Some of my fondest memories of childhood were of long summer holidays in the west of Scotland. And of the people I remember most clearly from those days, Murdo McMurdo sticks out in my mind. I went up to see him just after I returned to live in Britain.
I had been told in the local shop that he could be found in an old demountable caravan that had been parked in a large lay-by next to the sea, just outside the village. These were the premises of the local historical society; Murdo’s latest- and unfortunately last- effort to extract money from Europe via the local tourist board. The shop keeper pointed from his doorway at a rectangular shape that was barely visible in the driving misty and rain. “He’ll there till dark, it’s nice and warm for him.”
Waving my thanks, I set off into the storm and trudged my way along a road that had been newly built since I had last visited. It skirted a small inlet full of small yachts and clinker-built boats that bobbed violently on their moorings. After ten minutes in which I cursed myself for not taking the car, I espied a small green structure with a rather careworn sign declaring that it was “The Local Historical Society”
Poking my head around the door I saw Murdo at the end of the room. He was slouched in a chair, visibly older than when I had seen him last -almost five years before. He smiled when he spotted me and rose unsteadily to his feet. As he reached his full, stooped height, he coughed a single blow that was so violent that he quivered like a jelly. All passages cleared, he patted his chest and torso to check that no extraneous parts had fallen off and no internal organs had become detached. Relieved that he was still in one piece, he smiled again and held out his hand.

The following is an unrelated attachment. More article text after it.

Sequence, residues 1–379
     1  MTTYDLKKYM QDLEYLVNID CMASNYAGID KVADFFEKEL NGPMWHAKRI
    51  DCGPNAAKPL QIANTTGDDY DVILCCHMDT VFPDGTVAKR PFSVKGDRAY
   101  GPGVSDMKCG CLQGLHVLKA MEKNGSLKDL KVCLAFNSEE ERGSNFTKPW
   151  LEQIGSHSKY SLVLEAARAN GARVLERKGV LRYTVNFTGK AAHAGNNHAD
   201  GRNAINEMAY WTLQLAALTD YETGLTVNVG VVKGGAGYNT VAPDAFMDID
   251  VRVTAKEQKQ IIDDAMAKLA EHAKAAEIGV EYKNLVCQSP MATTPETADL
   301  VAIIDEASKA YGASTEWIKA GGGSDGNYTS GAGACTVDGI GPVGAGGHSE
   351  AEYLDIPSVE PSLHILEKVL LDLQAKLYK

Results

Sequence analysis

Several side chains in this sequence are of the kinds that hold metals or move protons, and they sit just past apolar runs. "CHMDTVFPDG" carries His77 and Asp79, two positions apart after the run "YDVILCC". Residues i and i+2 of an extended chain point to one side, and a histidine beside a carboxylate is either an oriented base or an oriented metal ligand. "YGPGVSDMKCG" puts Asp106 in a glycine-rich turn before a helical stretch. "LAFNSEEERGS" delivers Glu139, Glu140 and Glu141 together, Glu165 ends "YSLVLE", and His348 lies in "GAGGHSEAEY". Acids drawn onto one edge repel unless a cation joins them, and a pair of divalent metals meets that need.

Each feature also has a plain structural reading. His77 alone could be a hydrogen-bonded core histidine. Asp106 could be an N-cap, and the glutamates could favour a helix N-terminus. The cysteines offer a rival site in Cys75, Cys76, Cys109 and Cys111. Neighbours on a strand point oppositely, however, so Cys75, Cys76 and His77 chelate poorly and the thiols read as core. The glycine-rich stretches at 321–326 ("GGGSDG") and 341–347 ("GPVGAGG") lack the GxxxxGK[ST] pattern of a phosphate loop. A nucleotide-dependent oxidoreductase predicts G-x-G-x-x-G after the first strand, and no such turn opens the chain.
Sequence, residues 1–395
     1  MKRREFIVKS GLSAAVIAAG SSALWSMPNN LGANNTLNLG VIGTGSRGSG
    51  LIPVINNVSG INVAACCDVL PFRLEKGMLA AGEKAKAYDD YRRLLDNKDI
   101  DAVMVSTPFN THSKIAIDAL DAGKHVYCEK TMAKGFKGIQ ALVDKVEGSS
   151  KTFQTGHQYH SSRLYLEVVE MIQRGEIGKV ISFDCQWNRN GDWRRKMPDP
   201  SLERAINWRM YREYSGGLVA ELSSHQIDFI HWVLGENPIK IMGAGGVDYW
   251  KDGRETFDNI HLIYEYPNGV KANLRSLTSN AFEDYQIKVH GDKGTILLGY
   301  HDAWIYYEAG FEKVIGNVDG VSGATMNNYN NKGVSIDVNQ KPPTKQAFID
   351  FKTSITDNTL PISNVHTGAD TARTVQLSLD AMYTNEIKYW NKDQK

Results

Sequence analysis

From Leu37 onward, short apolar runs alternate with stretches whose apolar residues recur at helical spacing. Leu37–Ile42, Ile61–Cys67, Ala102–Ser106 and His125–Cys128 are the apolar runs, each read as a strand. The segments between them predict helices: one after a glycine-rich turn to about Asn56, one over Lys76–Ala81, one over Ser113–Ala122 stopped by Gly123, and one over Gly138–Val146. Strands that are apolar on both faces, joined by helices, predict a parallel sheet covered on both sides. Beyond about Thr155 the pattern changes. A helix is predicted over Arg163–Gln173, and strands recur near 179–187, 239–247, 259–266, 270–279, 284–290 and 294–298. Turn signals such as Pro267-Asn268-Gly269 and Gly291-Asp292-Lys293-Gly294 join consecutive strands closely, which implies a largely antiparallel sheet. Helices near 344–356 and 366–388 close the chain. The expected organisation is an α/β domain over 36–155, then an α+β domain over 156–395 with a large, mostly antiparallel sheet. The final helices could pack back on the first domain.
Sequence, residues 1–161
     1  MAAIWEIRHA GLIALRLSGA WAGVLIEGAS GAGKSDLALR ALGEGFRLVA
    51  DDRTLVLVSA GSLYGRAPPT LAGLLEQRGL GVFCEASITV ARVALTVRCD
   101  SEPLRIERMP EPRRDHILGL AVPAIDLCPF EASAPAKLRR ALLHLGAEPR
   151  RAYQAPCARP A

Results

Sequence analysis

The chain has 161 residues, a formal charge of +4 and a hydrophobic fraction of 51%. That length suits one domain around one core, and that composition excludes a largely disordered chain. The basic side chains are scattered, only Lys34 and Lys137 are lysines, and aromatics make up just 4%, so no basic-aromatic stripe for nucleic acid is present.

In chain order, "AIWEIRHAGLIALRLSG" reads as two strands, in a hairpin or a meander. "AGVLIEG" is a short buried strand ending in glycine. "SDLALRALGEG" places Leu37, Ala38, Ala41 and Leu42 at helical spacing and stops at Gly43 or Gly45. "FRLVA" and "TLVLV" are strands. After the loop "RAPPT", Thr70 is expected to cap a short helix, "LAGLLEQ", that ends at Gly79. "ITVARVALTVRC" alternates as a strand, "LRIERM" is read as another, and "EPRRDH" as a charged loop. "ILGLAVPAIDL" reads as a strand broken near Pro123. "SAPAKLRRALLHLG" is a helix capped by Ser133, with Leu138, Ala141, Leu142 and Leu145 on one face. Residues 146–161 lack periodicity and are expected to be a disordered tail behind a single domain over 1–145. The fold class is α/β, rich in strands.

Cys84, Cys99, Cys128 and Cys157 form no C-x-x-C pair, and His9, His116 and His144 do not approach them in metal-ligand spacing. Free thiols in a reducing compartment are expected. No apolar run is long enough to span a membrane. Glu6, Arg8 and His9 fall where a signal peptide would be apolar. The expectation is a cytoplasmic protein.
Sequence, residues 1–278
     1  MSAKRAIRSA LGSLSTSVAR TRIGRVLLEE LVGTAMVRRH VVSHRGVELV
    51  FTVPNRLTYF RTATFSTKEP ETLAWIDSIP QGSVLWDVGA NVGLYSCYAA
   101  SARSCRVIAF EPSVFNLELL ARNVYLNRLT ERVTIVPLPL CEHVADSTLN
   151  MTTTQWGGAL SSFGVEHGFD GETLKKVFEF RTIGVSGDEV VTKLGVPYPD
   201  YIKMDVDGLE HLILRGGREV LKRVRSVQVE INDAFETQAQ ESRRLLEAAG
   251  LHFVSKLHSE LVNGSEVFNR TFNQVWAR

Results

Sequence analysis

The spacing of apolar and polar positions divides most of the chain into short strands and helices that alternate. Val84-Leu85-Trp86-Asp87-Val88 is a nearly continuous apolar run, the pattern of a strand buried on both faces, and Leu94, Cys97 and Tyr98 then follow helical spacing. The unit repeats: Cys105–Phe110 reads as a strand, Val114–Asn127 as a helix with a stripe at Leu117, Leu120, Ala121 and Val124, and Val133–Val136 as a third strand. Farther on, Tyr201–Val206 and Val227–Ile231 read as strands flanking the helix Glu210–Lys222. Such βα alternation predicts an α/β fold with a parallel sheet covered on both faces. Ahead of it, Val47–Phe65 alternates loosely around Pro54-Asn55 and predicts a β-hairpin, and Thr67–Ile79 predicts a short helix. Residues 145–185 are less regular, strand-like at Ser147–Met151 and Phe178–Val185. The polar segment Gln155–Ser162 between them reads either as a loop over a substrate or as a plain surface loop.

“The last time I saw you,” he began, fixing me with a glittering eye, “you were about to disappear to New Zealand.” He winked and waited for a response.
“That’s where I went,” I said. “Then a few years in Australia and places, and then Canada.”
He nodded his understanding. There was no reproach at the folly of returning home. Murdo had lived away and knew what it was like to live alone, in a place that was not your own.
I gazed at him for a few moments. His skin had always been weather-beaten, leathery and old, like a piece of ancient furniture, but now there was a deliberation in the way his face formed expressions and how he moved his head. He’d developed the mask of a man facing death.
He cast his hand across the room. “Canada’s the place most people from ‘round here went after the Clearances. You’ll remember the old abandoned village behind my house? Most of those folk ended up in Newfoundland.” He pointed to a part of the room where a map display showed a village, nestled among mountains and bracketed by the sea.
We talked for half an hour or more of my experiences abroad, until he showed signs of weariness. Then I produced a half bottle of malt from my coat pocket. “I’d like to fish the loch.” He knew I was referring to a place where we had both been together many times. It was located on top of a hill, a narrow depression between two cliffs that had filled with water.
“The doctors have warned me off whisky,” he said reaching across to take the bottle. “Perhaps you’ll join me in a dram?”
He found two old cups behind his desk and poured two measures before sitting back. “You’ll be silly to go up to that loch and not visit the next loch along.” His voice dropped so that only I could hear his next words. “Three years ago I took some small trout up there in a pail o’ water.” He sucked on his whisky like a boiled sweat. “Next time I visited, a year later, I noticed a small swirl.”
As Murdo had often observed; big trout are less obvious in their habits. A small swirl could be indicative of a very large trout indeed. “I’ve told nobody,” he said.
I remember laughing at the conspiratorial way Murdo revealed his information. It was typical of a man who lived on the margins of a small community and used his wits. Information about the whereabouts of large trout definitely fell into the category of tradable currency, and Murdo had always been short of any sort of money; real, imagined or virtual. He was permanently on the sniff for opportunity, and he tended to attach himself to those who he thought might provide him with an additional income. So long as you understood and accepted this aspect of his character, he was delightful company. I was honoured that he should have released the information about spectacular trout freely and willingly for the small price of a dram of whisky.